by James Kraus
I have before me a generous pour of Château Margaux 1993, a fine claret from one of the original four Premier Crus named in the Bordeaux Classification of 1885. But more on that in due course.
Many men fantasize about living the life of James Bond. I would be more than happy to have lived the life of Gianni Agnelli. But for being less physically demanding and lacking a Walther PPK as constant companion, it is quite similar. Except for the fact that Gianni had a finer wardrobe and drove more exotic automobiles. While Bond was depicted in pages and frames driving standard issue 4½-litre Bentleys (fitted with Amherest Villiers superchargers) or Aston Martin DB Mark III’s and DB5’s (suitably modified by Q Branch), Gianni drove bespoke Ferraris, built to his personal specifications. In the end, he effectively owned Ferrari.
Grandson of Giovanni Agnelli, one of the founders and first chairman of Fiat, Gianni was born into the company. During World War II, Agnelli spent the early years fighting with Italian forces under Mussolini on the eastern front, twice receiving minor wounds in battle. Later he switched sides, joining Allied forces.
Needing to unwind after the rigors of war, Gianni bought a villa on the French Riviera, La Leopolda, for the then-princely sum of 100,000 USD. It last changed hands for 545 million USD. Once ensconced at the villa, Agnelli proceeded to live la dolce vita in earnest. He spent much of the next two decades developing and refining his passions for sailing, skiing, jet-setting, high stakes gambling, fast cars, and beautiful women. Among his early cohorts were Prince Ranier of Monaco, Prince Raimondo Lanza di Trabi of Sicily and Ferrari Grand Prix driver and Olympic bobsled bronze medallist Alfonso de Portago of Spain.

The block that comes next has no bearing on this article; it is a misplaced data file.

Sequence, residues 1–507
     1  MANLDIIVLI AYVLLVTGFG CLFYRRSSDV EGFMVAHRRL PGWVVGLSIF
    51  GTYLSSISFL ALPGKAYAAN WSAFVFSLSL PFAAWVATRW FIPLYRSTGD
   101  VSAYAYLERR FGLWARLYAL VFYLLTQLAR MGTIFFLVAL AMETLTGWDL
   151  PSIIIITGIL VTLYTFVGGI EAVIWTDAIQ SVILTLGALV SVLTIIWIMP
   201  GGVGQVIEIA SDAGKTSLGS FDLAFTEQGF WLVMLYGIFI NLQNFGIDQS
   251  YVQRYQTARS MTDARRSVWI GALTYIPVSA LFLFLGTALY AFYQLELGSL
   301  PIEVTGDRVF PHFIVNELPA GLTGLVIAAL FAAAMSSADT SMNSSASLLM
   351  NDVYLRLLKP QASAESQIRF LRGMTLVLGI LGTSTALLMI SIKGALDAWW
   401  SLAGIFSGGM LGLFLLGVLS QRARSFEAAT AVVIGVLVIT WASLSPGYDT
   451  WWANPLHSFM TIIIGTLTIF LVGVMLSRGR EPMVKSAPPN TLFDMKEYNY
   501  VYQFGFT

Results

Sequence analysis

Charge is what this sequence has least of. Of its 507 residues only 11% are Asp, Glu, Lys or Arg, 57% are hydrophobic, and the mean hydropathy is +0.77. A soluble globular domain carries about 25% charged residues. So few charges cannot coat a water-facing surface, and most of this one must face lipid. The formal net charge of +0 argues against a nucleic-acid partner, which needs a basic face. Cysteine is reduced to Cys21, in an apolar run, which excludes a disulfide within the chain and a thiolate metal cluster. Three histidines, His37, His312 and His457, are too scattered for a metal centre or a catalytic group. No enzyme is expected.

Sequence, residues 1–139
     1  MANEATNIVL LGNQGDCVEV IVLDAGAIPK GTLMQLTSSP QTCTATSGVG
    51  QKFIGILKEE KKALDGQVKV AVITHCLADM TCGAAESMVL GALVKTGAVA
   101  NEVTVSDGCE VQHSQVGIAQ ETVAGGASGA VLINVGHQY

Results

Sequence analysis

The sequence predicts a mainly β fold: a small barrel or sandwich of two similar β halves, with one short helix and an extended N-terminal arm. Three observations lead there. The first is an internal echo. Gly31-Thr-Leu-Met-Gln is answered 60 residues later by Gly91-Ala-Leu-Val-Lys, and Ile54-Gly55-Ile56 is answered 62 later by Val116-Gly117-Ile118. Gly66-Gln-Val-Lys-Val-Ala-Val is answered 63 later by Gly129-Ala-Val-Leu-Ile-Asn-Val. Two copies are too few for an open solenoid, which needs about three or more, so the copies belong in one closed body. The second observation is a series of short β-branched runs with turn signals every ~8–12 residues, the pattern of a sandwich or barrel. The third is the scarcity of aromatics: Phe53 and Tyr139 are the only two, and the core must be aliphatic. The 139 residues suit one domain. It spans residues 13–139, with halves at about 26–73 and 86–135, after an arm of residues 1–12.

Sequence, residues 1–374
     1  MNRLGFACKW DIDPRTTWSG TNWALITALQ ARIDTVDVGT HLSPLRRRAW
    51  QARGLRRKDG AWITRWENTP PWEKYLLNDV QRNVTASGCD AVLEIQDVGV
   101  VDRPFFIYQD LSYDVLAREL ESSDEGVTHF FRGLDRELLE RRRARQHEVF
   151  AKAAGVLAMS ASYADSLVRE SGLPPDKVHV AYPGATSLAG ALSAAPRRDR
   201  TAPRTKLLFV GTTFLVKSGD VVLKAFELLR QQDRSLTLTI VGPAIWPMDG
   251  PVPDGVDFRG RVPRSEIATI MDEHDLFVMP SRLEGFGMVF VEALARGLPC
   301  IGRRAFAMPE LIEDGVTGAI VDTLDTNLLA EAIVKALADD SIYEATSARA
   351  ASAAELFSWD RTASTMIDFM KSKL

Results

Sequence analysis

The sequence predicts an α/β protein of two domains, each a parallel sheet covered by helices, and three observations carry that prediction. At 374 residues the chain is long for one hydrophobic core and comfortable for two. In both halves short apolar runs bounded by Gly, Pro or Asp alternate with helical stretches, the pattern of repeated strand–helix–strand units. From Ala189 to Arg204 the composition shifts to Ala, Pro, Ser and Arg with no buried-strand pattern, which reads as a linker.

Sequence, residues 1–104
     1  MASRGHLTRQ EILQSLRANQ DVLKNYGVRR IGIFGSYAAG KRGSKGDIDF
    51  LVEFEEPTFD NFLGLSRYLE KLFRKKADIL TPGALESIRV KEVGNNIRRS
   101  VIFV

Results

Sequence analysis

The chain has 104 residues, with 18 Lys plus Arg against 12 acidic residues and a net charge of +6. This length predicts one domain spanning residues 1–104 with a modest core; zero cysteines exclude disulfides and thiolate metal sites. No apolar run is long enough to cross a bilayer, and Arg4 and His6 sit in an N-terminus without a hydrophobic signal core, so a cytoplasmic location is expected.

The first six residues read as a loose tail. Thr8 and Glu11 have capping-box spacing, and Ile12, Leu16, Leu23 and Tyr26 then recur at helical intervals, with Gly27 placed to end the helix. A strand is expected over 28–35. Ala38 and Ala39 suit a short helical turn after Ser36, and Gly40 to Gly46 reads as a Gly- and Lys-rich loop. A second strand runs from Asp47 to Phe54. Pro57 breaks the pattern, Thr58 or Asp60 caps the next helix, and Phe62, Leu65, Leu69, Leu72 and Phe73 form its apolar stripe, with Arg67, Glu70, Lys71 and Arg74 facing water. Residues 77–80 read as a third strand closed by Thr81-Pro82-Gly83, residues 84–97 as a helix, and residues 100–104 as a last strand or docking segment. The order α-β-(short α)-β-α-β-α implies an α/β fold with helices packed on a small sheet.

Possibly inspired by Italian Grand Prix driver Count Carlo Felice Trossi, who in turn may have picked it up from WWII fighter pilots (who routinely wore their pilot and navigator watches outside the sleeves of their leather flight jackets), Gianni began his habit of wearing his wristwatch on the outside of his shirt sleeve, just above the cuff. Other Agnelli satirical flourishes included wearing button-down dress shirts with the collar flaps unbuttoned and occasionally wearing high-top suede boots with his hand-tailored bespoke suits. In 1967, Life magazine compared him to “an exquisitely tailored Julius Ceaser.”